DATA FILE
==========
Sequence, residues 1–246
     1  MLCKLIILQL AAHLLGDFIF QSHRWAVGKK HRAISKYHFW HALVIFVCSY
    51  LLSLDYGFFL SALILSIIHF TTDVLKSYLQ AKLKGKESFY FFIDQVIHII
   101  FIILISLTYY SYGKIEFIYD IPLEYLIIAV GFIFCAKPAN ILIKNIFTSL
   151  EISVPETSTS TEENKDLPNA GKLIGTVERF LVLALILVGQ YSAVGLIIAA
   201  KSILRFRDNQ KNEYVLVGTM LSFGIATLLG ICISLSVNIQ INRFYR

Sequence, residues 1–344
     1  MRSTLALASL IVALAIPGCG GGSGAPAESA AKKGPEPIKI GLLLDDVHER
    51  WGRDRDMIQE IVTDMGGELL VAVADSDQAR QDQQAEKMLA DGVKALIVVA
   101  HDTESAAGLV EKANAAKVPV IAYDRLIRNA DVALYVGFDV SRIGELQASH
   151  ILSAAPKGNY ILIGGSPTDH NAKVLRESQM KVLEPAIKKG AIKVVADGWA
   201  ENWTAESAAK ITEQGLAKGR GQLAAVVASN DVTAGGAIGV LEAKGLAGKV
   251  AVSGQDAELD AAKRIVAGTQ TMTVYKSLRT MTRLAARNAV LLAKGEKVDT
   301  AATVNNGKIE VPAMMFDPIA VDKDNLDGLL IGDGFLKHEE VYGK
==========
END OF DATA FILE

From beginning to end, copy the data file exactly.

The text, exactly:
Sequence, residues 1–246
     1  MLCKLIILQL AAHLLGDFIF QSHRWAVGKK HRAISKYHFW HALVIFVCSY
    51  LLSLDYGFFL SALILSIIHF TTDVLKSYLQ AKLKGKESFY FFIDQVIHII
   101  FIILISLTYY SYGKIEFIYD IPLEYLIIAV GFIFCAKPAN ILIKNIFTSL
   151  EISVPETSTS TEENKDLPNA GKLIGTVERF LVLALILVGQ YSAVGLIIAA
   201  KSILRFRDNQ KNEYVLVGTM LSFGIATLLG ICISLSVNIQ INRFYR

Sequence, residues 1–344
     1  MRSTLALASL IVALAIPGCG GGSGAPAESA AKKGPEPIKI GLLLDDVHER
    51  WGRDRDMIQE IVTDMGGELL VAVADSDQAR QDQQAEKMLA DGVKALIVVA
   101  HDTESAAGLV EKANAAKVPV IAYDRLIRNA DVALYVGFDV SRIGELQASH
   151  ILSAAPKGNY ILIGGSPTDH NAKVLRESQM KVLEPAIKKG AIKVVADGWA
   201  ENWTAESAAK ITEQGLAKGR GQLAAVVASN DVTAGGAIGV LEAKGLAGKV
   251  AVSGQDAELD AAKRIVAGTQ TMTVYKSLRT MTRLAARNAV LLAKGEKVDT
   301  AATVNNGKIE VPAMMFDPIA VDKDNLDGLL IGDGFLKHEE VYGK